In her home village, Kara attempts to instigate a new uprising. When Bowen and Draco arrive the villagers offer the girl as a virgin sacrifice to appease the dragon. At Draco's lair, the dragon and knight argue about what to do with Kara as Einon
approaches and demands that she be returned to him. Bowen and Einon
duel, with the older man at a disadvantage because he is not truly willing to harm his former student. In the course of the fight, Bowen is heartbroken to realize that Einon
never changed: he was always an evil man, and he only pretended to agree with Bowen's idealism to learn the sword. When Einon
gains the upper hand, Draco intervenes and Einon
flees in terror. Kara attempts to persuade Bowen to help her overthrow the oppressive king, but the disillusioned knight refuses.
The next scam attempt goes poorly when Draco lands in shallow water, preventing him from sinking to the bottom and forcing him to fly away to avoid being eaten, leaving Bowen, Kara and Brother Gilbert in danger from angry villagers. Draco rescues the three and carries them to the island of Avalon. Taking shelter from a rainstorm amongst the tombs of the fallen Knights of the Round Table, Draco reveals that the constellation he was named after is, essentially, a dragon heaven, where dragons may go to upon death if they earn a place. He attempted to gain a place there by saving Einon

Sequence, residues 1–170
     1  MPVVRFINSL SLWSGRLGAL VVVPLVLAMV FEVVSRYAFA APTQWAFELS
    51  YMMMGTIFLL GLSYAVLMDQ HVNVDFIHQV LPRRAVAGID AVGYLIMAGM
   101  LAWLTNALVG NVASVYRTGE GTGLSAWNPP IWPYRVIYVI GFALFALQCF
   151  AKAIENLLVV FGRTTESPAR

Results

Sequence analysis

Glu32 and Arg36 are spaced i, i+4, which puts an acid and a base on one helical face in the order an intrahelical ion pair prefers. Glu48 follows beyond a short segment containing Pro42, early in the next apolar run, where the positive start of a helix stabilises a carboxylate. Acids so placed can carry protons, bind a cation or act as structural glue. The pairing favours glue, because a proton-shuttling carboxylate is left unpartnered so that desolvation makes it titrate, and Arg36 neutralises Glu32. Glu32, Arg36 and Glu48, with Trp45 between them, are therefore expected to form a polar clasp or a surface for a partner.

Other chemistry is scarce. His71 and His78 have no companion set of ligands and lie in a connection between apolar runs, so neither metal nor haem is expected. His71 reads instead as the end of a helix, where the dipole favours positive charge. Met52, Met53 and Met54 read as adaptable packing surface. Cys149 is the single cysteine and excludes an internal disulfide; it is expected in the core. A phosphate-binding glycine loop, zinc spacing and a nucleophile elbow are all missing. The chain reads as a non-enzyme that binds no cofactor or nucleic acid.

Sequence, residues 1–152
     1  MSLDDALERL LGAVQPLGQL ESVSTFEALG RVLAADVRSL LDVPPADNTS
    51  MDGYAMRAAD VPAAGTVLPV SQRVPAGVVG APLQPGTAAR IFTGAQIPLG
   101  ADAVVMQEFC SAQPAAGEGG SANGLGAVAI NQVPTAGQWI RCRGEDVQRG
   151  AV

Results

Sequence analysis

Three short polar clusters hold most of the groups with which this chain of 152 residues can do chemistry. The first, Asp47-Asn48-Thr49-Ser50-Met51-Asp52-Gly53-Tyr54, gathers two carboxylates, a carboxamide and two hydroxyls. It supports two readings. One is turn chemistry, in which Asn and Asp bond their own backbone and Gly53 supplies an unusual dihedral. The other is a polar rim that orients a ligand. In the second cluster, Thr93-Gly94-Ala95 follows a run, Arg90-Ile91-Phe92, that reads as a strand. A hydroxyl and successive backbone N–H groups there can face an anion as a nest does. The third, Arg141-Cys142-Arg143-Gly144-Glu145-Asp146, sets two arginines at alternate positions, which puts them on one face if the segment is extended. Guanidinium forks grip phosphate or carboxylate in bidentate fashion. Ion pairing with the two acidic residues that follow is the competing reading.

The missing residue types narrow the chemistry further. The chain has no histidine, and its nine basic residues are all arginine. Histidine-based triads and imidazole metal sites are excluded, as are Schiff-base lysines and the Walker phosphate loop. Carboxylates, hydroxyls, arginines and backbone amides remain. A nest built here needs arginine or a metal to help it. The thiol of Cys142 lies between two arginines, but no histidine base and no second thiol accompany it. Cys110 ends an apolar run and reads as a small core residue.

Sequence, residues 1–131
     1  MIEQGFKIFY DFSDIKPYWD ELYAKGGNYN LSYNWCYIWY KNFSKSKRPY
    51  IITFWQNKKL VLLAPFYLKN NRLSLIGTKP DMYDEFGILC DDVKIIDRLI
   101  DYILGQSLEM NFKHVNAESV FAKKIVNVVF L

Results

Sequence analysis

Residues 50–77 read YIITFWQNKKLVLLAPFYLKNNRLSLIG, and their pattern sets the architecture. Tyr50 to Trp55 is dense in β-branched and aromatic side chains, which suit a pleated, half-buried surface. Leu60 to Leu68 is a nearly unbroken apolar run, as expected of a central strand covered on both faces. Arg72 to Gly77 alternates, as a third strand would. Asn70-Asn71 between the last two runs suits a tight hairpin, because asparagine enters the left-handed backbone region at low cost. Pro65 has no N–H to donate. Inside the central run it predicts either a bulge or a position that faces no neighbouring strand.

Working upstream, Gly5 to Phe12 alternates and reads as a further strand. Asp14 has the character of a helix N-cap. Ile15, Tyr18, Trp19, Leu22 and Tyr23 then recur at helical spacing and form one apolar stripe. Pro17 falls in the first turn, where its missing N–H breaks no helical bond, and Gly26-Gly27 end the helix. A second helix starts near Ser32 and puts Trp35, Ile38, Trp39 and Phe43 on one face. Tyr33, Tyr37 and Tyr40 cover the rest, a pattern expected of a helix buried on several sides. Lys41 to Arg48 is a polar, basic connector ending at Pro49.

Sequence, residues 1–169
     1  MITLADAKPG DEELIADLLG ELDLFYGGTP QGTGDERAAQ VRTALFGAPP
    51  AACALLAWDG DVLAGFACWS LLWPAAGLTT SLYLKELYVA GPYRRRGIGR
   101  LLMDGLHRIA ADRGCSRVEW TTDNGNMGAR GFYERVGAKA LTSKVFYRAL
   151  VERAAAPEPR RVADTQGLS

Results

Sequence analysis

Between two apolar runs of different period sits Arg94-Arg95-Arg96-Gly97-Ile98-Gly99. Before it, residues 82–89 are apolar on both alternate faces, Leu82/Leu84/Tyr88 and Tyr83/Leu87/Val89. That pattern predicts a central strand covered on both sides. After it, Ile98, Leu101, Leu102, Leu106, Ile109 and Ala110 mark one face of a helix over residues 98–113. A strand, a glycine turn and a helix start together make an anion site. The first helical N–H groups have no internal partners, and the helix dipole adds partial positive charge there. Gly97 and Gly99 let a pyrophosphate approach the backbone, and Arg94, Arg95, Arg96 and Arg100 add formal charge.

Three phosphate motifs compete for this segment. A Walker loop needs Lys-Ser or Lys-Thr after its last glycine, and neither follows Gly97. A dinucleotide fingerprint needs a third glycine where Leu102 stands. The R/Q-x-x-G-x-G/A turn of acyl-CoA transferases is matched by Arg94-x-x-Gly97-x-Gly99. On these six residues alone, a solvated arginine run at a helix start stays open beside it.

, hoping his heart would change the prince's nature and once again unite the races of Man and Dragon, but, although depressed by his failure, agrees to help Gilbert and Kara in the rebellion. Bowen initially remains behind, but when he experiences a vision of Arthur's knights, he remembers the high ideals he once tried to instill in Einon
, and agrees to join the rebellion.
During the battle between the peasants and Einon
's forces- which goes far better than the last rebellion due to Draco's firepower and Bowen's tactical expertise, the king is shot with an arrow. The resulting pain causes Draco to fall from the sky over Einon
's castle and the dragon is captured. Einon
realizes that sharing the dragon's heart renders him virtually immortal so long as no harm befalls the dragon, and determines to keep Draco alive and imprisoned indefinitely. Wanting to end her son's evil, Queen Aislinn tries to kill Draco, wanting to redeem herself for saving 'a creature not worth saving', but is stopped and killed by Einon
When the rebels invade the castle, Bowen intends to release his friend, but Draco tells Bowen that in order for Einon
's reign to end he himself must die, and begs the knight to kill him. At first, Bowen does not want to but as Einon rushes towards him, Bowen reluctantly does so. This releases Draco's soul to the dragons' heaven, where he becomes a new star in the constellation, killing Einon
in the process. The film concludes with an epilogue by Brother Gilbert stating that Bowen and Kara went on to lead the people in an era of peace and prosperity, and that, whenever things were particularly difficult, Draco's star shone all the more brightly, for those who knew where to look.